Bai, Yunsheng, Ding, Hao, Qiao, Yang, Marinovic, Agustin, Gu, Ken, Chen, Ting, Sun, Yizhou, Wang, Wei

Recent years we have witnessed the great popularity of graph representation learning with success in not only node-level tasks such as node classification (Kipf & Welling, 2016a) and link prediction (Zhang & Chen, 2018) but also graph-level tasks such as graph classification (Ying et al., 2018) and graph similarity/distance computation (Bai et al., 2019). There has been a rich body of work (Belkin & Niyogi, 2003; Qiu et al., 2018) on node-level embeddings that turn each node in a graph into a vector preserving node-node proximity (similarity/distance). It is thus natural to raise the question: Can we embed an entire graph into a vector in an unsupervised way, and how? However, most existing methods for graph-level, i.e. whole-graph, embeddings assume a supervised model (Zhang & Chen, 2019), with only a few exceptions such as G KERNELS(Yanardag & Vishwanathan, 2015), which typically count subgraphs for a given graph and can be slow, and GRAPH2VEC(Narayanan et al., 2017), which is transductive. A key challenge facing designing an unsupervised graph-level embedding model is the lack of graphlevel signals in the training stage. Unlike node-level embedding which has a long history in utilizing the link structure of a graph to embed nodes, there lacks such natural proximity (similarity/distance) information between graphs. Supervised methods, therefore, typically resort to graph labels as guidance and use aggregation based methods, e.g. However, this assumption is problematic, as simple aggregation of node embeddings can only preserve limited graph-level properties, which is, however, often insufficient in measuring graphgraph proximity ("inter-graph" information). Inspired by the recent progress on graph proximity modeling (Ktena et al., 2017; Bai et al., 2019), we propose a novel framework, UG RAPHEMBthat employs multi-scale aggregations of node-level embeddings, guided by the graph-graph proximity defined by well-accepted and domain-agnostic graph proximity metrics such as Graph Edit Distance (GED) (Bunke, 1983), Maximum Common Subgraph (MCS) (Bunke & Shearer, 1998), etc. RAPHEMBis to learn high-quality graph-level representations in a completely unsupervised and inductive fashion: During training, it learns a function that maps a graph into a universal embedding space best preserving graph-graph proximity, so that after training, any new graph can be mapped to this embedding space by applying the learned function. Inspired by the recent success of pre-training methods in the text domain, such as ELMO (Peters et al., 2018), B RAPHEMBfirst computes the graph-graph proximity scores, (c) yielding a "hyper-level graph" where each node is a graph in the dataset, and each edge has a proximity score associated with it, representing its weight/strength. RAPHEMBthen trains a function that maps each graph into an embedding which preserves the proximity score.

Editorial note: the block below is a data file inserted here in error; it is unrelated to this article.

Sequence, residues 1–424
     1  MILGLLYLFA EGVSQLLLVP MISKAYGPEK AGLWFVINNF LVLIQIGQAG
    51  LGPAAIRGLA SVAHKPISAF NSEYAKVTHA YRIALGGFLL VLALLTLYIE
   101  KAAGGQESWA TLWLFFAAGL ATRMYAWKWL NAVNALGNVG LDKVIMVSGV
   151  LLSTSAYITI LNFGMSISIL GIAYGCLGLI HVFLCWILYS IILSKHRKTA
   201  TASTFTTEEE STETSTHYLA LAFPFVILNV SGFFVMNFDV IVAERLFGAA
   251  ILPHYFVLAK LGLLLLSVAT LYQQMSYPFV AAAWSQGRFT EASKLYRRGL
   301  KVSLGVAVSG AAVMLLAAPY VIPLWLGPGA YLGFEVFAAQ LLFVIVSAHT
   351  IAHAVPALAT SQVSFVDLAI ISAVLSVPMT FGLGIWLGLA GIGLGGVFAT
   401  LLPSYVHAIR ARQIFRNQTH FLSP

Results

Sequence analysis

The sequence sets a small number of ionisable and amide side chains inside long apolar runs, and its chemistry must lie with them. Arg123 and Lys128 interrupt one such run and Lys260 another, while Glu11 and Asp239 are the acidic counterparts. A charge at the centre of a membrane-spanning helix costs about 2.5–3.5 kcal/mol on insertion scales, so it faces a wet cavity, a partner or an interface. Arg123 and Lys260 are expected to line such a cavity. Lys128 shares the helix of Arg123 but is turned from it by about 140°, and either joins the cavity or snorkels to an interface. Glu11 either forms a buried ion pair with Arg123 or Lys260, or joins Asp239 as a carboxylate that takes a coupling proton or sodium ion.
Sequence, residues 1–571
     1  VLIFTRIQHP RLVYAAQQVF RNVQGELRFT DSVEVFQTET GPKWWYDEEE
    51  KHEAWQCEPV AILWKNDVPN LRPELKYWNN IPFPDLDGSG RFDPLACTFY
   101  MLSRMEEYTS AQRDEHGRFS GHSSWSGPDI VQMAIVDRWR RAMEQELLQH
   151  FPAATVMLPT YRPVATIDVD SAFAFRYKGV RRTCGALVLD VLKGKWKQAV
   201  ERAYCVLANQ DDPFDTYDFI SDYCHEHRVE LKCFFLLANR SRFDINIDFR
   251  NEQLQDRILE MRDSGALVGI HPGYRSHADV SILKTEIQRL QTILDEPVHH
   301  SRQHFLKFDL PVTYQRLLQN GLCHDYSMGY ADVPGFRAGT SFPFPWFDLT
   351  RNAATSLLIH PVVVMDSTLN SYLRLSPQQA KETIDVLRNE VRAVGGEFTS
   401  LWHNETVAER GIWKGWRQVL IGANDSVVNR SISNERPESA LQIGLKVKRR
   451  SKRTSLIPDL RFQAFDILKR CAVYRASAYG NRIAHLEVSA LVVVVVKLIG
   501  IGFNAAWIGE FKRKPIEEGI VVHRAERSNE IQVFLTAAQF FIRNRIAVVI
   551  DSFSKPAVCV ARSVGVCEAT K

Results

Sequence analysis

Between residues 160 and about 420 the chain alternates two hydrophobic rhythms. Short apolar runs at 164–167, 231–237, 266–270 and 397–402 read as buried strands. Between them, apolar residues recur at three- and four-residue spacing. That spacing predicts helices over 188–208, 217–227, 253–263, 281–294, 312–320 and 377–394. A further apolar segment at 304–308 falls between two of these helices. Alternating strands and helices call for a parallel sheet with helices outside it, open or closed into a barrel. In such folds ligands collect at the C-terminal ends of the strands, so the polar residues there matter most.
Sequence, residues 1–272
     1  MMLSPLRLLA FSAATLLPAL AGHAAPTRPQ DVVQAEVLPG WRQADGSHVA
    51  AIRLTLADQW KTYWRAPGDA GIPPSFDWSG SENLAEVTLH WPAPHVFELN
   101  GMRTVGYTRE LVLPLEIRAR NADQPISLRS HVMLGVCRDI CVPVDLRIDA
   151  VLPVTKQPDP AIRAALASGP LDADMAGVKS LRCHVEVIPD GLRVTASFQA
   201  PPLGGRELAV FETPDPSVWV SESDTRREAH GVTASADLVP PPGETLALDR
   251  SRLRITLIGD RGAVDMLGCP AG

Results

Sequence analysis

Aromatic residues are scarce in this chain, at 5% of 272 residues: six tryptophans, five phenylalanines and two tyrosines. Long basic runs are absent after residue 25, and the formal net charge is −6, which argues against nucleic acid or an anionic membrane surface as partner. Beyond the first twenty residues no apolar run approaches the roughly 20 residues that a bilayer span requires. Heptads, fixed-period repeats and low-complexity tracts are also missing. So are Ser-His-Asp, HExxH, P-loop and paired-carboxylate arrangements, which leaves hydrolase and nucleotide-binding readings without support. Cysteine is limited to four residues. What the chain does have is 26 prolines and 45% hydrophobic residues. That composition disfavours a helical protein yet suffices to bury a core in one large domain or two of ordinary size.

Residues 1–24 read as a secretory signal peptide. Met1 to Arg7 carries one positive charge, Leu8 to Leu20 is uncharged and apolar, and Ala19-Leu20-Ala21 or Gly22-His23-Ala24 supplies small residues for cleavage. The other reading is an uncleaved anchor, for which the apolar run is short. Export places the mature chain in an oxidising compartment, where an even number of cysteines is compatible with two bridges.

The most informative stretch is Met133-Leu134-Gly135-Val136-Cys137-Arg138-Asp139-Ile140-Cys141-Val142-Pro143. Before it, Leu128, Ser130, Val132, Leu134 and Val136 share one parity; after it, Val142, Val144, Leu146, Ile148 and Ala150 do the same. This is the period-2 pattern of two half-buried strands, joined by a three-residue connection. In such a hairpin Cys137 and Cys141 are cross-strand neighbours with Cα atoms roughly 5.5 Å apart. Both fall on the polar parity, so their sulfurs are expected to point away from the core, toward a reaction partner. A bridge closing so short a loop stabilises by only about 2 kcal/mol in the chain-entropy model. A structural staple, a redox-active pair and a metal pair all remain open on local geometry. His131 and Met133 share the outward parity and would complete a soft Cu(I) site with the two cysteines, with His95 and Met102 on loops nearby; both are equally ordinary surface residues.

Meltzer, Peter, Mallea, Marcelo Daniel Gutierrez, Bentley, Peter J.

We propose an end-to-end deep learning learning model for graph classification and representation learning that is invariant to permutation of the nodes of the input graphs. We address the challenge of learning a fixed size graph representation for graphs of varying dimensions through a differentiable node attention pooling mechanism. In addition to a theoretical proof of its invariance to permutation, we provide empirical evidence demonstrating the statistically significant gain in accuracy when faced with an isomorphic graph classification task given only a small number of training examples. We analyse the effect of four different matrices to facilitate the local message passing mechanism by which graph convolutions are performed vs. a matrix parametrised by a learned parameter pair able to transition smoothly between the former. Finally, we show that our model achieves competitive classification performance with existing techniques on a set of molecule datasets.